on Toshareproject.it - curated by Bruce Sterling
*In this intriguing and thoughtful video, Laura Kampf utterly reforms her workshop/video studio by using leftover equipment cases that she bought on eBay — cases which are probably from the old West German espionage apparatus.
*I quite admire the achievement of Ms Kampf here — she’s a Maker Faire Rome veteran who justly commands the respect of her YouTube Maker peers, such as Adam Savage in the video here.
*But, I wonder how her grand studio plan will work out in the long run. Is it too neat? How can Laura Kampf, a Cologne junk artist with a taste for punk-style jugaad and found materials, ever maintain this impressive level of organizational command?
*Because a junkyard is the polar opposite of a meticulous studio toolbox. It’s like recording punk music by using an encyclopedia.
*Also, although Laura Kampf has nicely categorized, assorted and labelled almost all of her many studio tools, we, the YouTube viewers, can’t see all the tools in this system. They’re in handsome metal boxes, but they’re not in Adam Savage “first order of retrievability.” They’re in a second or even third order, when she has to remember how she categorized them, and then look for the labels, and then open the cases.
*Adam Savage also states that, “If you can’t see a tool, you don’t have it.” This may be an extreme idea, but also, if you’re not producing video of the tool use, then you’re not entertaining with it. So, logically, it seems like a properly organized Makertainment space should combine worker accessibility with viewer transparency.
*Somehow, the Maker herself should see everything and be able to handle materials efficiently, while also we, her viewers, should be treated to the whole educational-video panoply of tracking, close-ups, scanning, slo-mo and so on.
*I’m not sure that this design feat is even possible. Every effective video shoot I’ve ever seen is a complete mass of tangled debris outside the strict parameters of the camera field. Video shoots bring raw technical chaos, outside the limited order of the staging area. That entropy’s just got to go somewhere, no matter how German and well-organized you are.
*One possible exception was the long series of videos Savage recently did in his impressively cluttered “Cave” studio, when he was in pandemic lockdown and doing all the video work by himself. Alone, he used a mobile — handheld, and in clamps — and the results were a bit Robinson Crusoe, but also very convincing as cinema verite. It was as intimate as being locked in the atelier with him; you could hear the poor guy breathing, grumbling and loudly dropping small objects.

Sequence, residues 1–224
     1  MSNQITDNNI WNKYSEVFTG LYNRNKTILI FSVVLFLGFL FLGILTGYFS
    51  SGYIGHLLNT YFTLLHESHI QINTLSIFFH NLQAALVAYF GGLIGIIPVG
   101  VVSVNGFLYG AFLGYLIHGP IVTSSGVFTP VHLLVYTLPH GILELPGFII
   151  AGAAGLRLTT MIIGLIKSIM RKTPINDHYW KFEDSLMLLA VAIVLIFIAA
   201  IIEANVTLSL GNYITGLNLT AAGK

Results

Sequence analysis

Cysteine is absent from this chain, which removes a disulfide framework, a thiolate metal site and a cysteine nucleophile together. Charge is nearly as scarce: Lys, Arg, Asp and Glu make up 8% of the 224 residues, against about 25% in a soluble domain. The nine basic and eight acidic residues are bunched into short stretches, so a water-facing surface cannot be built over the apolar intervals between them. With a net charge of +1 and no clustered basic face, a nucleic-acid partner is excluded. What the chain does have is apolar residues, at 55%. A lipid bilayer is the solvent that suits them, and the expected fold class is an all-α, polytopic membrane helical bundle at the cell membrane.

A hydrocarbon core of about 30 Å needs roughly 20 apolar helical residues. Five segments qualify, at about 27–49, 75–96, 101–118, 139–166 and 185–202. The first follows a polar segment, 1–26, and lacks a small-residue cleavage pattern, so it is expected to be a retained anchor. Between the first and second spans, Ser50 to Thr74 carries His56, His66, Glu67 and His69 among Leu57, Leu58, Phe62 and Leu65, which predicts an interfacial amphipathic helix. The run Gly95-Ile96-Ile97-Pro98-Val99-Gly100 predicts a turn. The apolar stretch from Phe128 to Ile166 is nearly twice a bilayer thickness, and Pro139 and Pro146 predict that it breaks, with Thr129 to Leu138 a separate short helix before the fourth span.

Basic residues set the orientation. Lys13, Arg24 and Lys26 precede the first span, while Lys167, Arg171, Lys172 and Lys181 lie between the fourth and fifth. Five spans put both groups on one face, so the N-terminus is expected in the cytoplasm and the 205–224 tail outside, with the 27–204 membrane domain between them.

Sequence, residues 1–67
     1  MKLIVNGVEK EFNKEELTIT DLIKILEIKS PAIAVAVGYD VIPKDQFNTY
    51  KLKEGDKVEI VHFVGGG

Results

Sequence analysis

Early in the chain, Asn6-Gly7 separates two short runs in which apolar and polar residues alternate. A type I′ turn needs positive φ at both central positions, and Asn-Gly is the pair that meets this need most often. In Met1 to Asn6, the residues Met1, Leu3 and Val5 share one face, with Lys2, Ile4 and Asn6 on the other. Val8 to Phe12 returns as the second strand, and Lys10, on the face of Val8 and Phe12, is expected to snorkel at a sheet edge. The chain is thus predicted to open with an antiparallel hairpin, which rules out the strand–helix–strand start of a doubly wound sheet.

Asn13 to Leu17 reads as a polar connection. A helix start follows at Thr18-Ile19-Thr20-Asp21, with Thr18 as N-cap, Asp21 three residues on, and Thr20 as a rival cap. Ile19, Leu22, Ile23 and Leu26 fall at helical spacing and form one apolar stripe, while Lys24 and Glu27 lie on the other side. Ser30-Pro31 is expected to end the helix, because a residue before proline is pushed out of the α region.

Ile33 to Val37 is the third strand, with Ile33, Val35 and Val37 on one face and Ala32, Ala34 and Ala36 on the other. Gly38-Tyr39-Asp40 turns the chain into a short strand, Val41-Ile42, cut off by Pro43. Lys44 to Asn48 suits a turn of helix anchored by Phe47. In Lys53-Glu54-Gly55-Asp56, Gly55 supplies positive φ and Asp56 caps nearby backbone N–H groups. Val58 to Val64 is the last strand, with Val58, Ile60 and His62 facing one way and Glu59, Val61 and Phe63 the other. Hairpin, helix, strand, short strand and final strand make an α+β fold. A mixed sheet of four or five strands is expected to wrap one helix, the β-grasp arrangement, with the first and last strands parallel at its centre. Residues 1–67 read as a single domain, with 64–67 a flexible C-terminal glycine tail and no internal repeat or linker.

*Laura Kampf has designed a video workshop table for herself. It’s made from repurposed junk, but it’s accomplishing some of her YouTube aims.
*I’m wondering if along with aprons, tool bags, toolboxes, worktables and studios, video tools should also be redesigned for Makers — that the Maker needs specialized video gadgets, ruggedized workshop-style film gear which can clamp on, detach, resist sawdust, dirt, oil and vibration. So that the the special FX set finally and thoroughly hybridizes with the cinema set: in a cinema of material production, or, to rephrase that, a mechanic’s workshop for popular video clips.
*In her very latest video, the tireless Laura Kampf is struggling to redesign wall display spaces for her vast collection of outsized clamps. You may notice how much that tool-shelf, moved by pulleys, resembles a conventional theatrical stage curtain.
*Even her failures are interesting and encouraging, and her Koln-style chillout techno tracks are certainly the best soundtracks that any Maker has ever had.